Before the Morning Star Begotten (Epiphany) recalls the imitative "fuguing tunes" and sturdy harmonies of the traditional Appalachian hymnal, The Sacred Harp .
In Bee! I'm expecting you! the Fly "types" a brief note to its friend the Bee, hopping from key to key. The Fly exhorts the Bee to come quickly and join in the days of Summer.
The Bees' Song, takes its silly text from British poet Walter de la Mare, who included no less than 33 ‘Z's' in his poem of the same name. This musical setting highlights those ‘Z' sounds, as each part buzzes around, looking for a nice cadence to land on.
The Canticle of the Sun is composed for mixed chorus and orchestra and uses Matthew Arnold's translation of the famous St. Francis of Assisi poem.
Over a life span of more than 65 years, The Canticle of the Sun has received only a dozen or so performances. This is the world premiere recording of this piece.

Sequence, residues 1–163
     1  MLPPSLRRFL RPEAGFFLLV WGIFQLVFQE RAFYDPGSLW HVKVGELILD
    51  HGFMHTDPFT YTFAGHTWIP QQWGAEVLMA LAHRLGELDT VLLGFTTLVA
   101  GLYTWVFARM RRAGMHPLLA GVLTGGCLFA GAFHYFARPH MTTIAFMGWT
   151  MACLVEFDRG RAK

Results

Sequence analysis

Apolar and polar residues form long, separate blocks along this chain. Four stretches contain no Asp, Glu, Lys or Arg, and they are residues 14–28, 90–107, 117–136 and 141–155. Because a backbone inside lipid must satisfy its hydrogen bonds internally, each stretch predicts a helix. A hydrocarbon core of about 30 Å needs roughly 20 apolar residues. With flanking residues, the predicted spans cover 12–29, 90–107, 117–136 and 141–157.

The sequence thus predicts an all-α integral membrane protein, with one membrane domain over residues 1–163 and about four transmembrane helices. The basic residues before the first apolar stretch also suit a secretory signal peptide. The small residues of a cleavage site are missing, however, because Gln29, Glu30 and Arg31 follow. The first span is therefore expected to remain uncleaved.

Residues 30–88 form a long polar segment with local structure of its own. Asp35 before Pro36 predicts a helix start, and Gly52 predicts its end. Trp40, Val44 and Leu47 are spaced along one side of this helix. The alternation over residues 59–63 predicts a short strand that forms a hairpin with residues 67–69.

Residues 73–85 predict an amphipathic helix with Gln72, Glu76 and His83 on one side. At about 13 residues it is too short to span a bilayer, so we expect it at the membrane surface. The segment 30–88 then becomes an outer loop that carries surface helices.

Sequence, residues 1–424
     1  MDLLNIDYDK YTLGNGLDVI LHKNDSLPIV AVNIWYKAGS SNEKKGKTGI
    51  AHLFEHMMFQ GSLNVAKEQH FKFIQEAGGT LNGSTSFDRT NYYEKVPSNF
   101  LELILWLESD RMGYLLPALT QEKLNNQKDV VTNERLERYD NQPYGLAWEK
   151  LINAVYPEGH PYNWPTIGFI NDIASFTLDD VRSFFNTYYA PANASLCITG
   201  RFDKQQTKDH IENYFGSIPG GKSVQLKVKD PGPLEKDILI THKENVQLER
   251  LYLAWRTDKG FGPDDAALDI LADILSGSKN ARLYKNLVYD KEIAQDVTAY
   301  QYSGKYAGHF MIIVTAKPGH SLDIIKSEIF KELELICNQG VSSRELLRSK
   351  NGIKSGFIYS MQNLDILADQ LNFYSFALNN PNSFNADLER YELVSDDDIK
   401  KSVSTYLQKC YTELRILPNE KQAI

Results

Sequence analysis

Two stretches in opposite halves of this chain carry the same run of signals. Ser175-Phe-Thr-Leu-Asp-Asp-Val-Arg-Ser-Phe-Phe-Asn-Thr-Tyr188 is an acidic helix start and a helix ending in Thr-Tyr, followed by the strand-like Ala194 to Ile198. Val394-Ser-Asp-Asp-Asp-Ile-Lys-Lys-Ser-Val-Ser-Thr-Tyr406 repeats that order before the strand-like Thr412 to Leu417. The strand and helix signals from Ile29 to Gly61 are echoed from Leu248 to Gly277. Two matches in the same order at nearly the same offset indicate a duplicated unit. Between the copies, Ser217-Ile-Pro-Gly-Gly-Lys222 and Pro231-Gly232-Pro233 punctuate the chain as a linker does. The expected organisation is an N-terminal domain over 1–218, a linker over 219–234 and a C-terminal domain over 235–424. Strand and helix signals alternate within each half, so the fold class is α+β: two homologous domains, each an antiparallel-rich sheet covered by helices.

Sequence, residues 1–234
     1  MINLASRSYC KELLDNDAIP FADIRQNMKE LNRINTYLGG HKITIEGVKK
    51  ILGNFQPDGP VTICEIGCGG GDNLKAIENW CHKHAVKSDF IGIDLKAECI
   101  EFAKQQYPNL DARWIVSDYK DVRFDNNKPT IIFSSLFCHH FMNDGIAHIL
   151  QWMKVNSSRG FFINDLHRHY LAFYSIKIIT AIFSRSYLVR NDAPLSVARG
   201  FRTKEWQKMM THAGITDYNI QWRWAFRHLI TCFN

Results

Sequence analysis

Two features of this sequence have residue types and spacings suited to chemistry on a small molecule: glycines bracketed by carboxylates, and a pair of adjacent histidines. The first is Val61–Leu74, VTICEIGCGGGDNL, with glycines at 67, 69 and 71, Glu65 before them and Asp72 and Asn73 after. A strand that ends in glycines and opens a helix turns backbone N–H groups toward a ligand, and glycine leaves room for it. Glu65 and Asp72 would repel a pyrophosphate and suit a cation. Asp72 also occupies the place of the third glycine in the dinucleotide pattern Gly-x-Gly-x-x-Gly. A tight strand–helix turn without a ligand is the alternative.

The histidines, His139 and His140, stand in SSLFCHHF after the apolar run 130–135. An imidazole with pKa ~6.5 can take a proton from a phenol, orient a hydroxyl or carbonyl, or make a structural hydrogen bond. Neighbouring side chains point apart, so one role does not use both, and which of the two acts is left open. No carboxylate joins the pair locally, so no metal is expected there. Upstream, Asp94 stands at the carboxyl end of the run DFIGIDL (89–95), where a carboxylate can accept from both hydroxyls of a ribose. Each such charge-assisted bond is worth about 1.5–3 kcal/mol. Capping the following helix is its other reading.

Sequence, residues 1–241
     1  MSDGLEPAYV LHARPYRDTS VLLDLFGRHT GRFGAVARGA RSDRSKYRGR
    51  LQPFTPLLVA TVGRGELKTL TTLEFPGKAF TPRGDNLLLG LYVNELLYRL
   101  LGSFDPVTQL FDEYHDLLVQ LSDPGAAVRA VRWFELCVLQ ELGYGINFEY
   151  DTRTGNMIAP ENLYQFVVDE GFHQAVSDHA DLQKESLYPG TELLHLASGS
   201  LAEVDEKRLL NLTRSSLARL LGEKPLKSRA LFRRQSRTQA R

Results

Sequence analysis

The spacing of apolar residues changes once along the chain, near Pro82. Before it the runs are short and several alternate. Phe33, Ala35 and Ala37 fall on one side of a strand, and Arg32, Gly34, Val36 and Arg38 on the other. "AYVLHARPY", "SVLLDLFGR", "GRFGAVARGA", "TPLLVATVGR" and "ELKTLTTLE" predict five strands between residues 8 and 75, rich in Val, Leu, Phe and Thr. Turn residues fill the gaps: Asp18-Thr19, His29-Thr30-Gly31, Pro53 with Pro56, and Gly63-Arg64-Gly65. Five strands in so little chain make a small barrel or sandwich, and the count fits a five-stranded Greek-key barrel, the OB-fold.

The selection committee for the 1946 Pulitzer included two previous Pulitzer recipients: Howard Hanson (1944, for his Symphony No. 4) and Aaron Copland (1945, for Appalachian Spring).
Appalachian Spring was unveiled in Washington in October 1944 and won the 1945 Pulitzer Prize for Music.
Aaron Copland wrote: Fast. Sudden burst of unison strings in A-major arpeggios starts the action. A sentiment both elated and religious gives the keynote to this scene.
The second movement begins with a muscular, rhythmically dynamic fugue that ascends through the woodwinds into the full orchestra to preface the jubilant chorus that distills the expressive essence of Walt Whitman's heroic verses.